“Actually,” I said, “spanking doesn’t do a thing for me.”

“What does?” he asked.

And that is where we began nearly fifteen years ago. With his question, followed by my answer. With my question, followed by his. It was how we proceeded. Not on the heat so powerful that it might possibly scorch the paint off the walls, but with the sturdier, this-is-scary-but-let’s-do-it-anyway nerve that it took to say what was true not just about ourselves, but about our sexual selves.

Which sometimes oddly, sometimes thrillingly, sometimes amusingly, sometimes darkly, sometimes depressingly turns out to not be terribly much like the sexual selves we’d choose if we got to choose them.

There is no question that your lover is embarrassed about the fact that he likes to wear women’s panties. Who wouldn’t be? What man would ask for such a thing? This isn’t to say he can’t cozy up to the idea—and I sincerely hope for his own sake, he will. But it’s clear he isn’t there yet. He’s ashamed of it. Very likely he loathes it, and yet there it is and he can’t deny it and so one day when he’s got the place to himself he caves in and strips himself down and dresses himself up and without warning you appear—you! His emotionally and experimentally open lover!—and he slams the door in your face and pretends it never happened.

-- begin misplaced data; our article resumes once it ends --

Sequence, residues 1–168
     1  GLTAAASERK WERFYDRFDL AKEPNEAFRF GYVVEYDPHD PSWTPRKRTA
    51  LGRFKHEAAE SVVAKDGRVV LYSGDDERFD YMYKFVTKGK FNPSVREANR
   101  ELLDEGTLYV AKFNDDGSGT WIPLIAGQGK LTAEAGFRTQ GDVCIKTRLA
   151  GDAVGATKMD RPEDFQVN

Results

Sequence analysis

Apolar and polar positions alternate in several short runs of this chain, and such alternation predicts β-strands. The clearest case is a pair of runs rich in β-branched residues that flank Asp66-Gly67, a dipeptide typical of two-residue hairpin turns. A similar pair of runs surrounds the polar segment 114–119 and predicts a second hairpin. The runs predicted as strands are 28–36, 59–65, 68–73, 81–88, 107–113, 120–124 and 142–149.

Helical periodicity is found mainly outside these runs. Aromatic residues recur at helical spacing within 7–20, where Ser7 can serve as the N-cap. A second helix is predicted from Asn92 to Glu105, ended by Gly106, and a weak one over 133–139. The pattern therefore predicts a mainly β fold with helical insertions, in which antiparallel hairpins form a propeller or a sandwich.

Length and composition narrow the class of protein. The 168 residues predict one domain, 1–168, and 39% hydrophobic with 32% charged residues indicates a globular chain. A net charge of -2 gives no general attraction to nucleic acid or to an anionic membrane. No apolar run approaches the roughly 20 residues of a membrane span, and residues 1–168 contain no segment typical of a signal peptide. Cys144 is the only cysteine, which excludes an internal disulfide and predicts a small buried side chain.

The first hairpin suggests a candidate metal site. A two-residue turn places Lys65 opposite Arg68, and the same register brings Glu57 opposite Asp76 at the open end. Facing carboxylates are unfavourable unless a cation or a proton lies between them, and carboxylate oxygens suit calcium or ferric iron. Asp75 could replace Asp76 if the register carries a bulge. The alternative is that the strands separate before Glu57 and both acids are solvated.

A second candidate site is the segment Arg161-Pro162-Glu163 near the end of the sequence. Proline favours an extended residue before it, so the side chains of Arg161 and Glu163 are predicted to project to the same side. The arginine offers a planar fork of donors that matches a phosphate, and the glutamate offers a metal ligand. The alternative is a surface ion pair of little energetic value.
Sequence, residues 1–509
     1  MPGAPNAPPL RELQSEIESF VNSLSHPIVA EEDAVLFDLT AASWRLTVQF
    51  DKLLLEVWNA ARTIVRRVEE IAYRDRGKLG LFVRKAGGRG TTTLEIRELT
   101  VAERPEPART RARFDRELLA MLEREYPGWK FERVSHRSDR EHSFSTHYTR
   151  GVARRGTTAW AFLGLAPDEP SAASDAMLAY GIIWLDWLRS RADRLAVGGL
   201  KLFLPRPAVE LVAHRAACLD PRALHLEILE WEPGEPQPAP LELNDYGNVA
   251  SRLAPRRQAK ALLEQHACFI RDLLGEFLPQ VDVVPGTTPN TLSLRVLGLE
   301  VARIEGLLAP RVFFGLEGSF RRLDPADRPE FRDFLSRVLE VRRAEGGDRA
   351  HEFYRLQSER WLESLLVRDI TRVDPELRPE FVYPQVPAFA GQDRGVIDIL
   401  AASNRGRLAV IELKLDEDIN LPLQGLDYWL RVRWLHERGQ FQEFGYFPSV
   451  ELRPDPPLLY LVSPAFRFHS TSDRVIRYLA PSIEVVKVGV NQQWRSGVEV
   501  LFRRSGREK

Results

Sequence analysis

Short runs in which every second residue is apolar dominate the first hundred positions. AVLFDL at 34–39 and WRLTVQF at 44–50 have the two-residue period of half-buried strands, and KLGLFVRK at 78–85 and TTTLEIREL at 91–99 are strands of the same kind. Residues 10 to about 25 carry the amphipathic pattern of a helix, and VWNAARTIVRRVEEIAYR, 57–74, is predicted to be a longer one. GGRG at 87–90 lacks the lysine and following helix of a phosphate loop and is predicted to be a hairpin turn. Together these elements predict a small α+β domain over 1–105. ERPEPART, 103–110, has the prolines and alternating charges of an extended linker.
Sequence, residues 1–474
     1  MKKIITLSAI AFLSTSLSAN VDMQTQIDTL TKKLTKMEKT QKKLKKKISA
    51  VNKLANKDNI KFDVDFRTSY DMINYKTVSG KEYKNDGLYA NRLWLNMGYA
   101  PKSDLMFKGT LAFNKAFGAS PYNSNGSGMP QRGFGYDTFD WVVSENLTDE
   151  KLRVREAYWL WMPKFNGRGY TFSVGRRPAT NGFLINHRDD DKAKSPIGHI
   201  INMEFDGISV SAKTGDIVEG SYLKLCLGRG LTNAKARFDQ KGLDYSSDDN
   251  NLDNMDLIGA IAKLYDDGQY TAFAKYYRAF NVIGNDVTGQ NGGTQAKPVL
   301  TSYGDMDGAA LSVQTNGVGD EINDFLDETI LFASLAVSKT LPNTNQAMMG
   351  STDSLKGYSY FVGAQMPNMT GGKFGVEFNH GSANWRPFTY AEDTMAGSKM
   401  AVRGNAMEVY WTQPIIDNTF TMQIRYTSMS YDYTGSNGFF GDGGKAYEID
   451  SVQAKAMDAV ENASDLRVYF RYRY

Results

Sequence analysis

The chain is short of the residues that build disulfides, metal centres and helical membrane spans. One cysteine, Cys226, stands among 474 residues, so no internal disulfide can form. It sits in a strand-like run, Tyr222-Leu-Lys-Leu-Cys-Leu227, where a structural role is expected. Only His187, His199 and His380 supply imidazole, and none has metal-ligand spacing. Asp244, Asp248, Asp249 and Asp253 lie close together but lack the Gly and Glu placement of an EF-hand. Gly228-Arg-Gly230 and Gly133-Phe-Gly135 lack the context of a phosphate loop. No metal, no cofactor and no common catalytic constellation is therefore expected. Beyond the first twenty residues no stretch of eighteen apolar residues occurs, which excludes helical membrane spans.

You know why? Because no matter how experimental he is, his life isn’t an experiment. His life is like your life and my life and all the lives of all the people who are reading these words right now. It’s a roiling stew of fear and need and desire and love and the hunger to be loved. And mostly, it’s the latter.

You walked in on him at what he perceives as his most unlovable moment, sweet pea. The pervert in the girly underpants. You saw his secret self before he told you his secret and that humiliates him beyond words.